“It’s all about collaboration and partnerships and healthy relationships. We need to partner with other cities throughout Alberta so that we can pressure the province in reducing the cap for education. Because the university is one of our largest employers here, we need to open venues for our students, not only in the university and the college, but so that we can integrate them into our community and give them avenues for work experience and give them opportunities in businesses, both professional and in trades so that students can find niches so that they can begin their careers here in the city of Lethbridge.” – Sheldon Day Chief

ULFA also invited all six mayoral candidates to provide further written responses to concerns over PSE cuts in Lethbridge. Complete text of the questions issued to candidates, and the written responses received from three mayoral candidates are provided below. The full ULSU Mayoral Forum including the responses above and other important student matters can be found here. ULFA looks forward to a strong voter turnout at the Lethbridge Municipal Election on October 18th and working with our future Mayor to keep Lethbridge’s PSE sector strong. 

Written questions to candidates

Dear Lethbridge Mayoral Candidates,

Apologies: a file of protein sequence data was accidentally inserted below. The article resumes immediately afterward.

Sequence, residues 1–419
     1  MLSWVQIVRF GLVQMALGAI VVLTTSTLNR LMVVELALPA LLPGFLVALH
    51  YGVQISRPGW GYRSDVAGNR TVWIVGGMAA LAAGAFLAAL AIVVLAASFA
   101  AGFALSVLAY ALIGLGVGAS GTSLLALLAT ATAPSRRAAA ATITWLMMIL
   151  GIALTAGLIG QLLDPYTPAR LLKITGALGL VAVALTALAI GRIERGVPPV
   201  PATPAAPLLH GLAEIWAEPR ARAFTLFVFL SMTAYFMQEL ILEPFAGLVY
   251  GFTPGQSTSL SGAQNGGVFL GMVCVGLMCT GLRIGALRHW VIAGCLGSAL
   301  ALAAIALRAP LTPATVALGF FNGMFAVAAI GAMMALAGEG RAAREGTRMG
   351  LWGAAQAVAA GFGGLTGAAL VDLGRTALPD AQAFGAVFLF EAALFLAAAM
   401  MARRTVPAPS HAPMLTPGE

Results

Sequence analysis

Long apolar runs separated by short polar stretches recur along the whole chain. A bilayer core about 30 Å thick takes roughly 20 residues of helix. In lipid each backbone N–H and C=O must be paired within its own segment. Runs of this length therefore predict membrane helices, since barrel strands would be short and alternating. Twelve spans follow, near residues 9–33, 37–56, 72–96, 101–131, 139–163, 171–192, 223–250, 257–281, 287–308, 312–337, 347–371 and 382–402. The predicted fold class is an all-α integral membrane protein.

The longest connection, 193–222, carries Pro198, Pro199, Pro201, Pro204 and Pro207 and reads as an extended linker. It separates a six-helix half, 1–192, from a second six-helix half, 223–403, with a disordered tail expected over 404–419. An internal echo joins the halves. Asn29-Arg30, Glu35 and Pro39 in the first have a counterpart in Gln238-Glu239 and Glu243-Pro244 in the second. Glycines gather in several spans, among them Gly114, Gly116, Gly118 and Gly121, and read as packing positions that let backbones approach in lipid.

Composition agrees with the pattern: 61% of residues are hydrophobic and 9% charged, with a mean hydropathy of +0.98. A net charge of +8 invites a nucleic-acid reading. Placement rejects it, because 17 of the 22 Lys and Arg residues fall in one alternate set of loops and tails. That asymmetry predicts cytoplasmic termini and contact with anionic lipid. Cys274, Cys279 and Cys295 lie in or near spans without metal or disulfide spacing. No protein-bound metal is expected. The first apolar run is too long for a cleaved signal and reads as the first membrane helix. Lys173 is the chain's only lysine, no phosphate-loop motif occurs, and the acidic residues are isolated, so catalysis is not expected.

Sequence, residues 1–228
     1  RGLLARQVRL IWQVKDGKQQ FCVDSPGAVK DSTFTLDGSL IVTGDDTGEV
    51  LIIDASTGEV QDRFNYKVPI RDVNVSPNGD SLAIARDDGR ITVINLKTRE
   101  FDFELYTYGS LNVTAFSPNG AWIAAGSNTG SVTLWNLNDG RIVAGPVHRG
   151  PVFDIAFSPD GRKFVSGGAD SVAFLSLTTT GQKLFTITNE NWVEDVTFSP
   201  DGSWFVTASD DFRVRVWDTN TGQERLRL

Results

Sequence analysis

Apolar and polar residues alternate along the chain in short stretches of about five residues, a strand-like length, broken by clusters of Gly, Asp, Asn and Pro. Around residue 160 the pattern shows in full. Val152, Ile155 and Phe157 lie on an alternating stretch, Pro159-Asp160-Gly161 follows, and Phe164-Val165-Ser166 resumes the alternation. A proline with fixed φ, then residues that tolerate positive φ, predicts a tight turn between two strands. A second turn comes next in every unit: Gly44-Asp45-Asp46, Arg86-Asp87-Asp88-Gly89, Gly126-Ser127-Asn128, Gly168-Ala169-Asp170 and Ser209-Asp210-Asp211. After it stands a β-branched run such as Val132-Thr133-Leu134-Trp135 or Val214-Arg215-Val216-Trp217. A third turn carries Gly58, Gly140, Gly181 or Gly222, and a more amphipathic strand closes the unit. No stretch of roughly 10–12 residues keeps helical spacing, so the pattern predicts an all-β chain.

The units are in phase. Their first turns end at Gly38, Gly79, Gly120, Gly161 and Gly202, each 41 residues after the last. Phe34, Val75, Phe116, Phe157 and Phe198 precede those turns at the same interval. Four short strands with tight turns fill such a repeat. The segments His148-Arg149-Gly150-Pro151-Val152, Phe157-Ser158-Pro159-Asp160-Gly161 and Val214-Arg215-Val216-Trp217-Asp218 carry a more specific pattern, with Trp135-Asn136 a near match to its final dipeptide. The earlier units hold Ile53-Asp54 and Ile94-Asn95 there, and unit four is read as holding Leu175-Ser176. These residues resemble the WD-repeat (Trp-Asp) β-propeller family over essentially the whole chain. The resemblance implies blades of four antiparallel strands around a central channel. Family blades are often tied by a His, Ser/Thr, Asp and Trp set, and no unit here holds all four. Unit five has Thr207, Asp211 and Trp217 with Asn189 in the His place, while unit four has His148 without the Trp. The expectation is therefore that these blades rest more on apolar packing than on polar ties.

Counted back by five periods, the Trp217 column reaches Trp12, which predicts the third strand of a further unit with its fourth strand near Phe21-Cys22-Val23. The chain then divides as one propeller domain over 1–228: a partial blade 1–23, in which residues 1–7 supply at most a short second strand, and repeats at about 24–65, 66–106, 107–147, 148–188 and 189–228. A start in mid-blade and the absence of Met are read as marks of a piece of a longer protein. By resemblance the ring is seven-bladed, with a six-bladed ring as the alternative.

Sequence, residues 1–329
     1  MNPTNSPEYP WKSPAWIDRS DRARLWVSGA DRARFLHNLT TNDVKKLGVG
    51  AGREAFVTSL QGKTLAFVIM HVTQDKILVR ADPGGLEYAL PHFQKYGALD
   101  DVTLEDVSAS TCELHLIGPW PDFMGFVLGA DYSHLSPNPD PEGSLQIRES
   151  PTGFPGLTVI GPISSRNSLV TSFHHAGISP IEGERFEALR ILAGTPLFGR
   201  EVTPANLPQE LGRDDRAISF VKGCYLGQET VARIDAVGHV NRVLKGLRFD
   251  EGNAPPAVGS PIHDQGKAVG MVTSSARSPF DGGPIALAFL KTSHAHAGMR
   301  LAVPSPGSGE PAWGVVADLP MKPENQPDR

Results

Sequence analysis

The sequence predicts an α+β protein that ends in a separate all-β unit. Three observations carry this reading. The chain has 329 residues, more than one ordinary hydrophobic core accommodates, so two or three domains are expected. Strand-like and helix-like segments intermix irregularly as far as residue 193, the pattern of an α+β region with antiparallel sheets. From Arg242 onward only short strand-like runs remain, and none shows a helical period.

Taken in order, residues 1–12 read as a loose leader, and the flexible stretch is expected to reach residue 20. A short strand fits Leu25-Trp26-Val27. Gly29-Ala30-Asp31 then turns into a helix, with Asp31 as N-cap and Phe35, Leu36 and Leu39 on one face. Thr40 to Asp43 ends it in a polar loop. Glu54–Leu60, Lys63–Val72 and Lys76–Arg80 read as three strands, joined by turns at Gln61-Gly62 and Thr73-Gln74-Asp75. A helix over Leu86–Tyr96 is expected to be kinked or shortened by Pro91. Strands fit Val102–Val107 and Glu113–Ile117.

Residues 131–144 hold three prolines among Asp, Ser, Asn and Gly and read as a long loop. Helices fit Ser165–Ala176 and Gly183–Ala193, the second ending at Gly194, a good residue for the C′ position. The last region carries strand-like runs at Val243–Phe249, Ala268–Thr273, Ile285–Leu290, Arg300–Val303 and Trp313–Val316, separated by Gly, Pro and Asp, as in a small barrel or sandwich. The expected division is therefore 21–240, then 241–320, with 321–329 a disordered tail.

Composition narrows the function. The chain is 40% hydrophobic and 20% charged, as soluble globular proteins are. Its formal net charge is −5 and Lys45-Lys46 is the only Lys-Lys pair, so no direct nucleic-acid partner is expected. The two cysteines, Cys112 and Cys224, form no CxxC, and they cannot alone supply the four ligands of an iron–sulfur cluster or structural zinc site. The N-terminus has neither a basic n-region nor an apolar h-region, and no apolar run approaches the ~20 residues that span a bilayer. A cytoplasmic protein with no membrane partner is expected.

I am writing to you as a member of the University of Lethbridge faculty association on behalf of the membership, with a request for comment on an issue very important to the University community.

The University of Lethbridge faculty members, instructors, staff, and students contribute over $250 million to the local economy each year and the U of L is the second largest employer in the city. The U of L contributes importantly to jobs, retail sales, and real estate and significantly enhances the quality of life of our community in many ways. The U of L is currently facing down-sizing by the provincial government, with more than 20% budget cuts from 2019 to 2023 amounting to over $20M in budget reductions and loss of jobs and wages, including over 100 jobs lost at the U of L since the cuts started. These cuts are despite the fact that people at U of L are paid less than at other Universities in Alberta and in other provinces.

How would you support the U of L in creating and supporting a strong and diverse local economy? 

What is your opinion on the provincial cuts to the U of L?

How do you think these cuts will affect our community?

What are you going to do to address this crisis?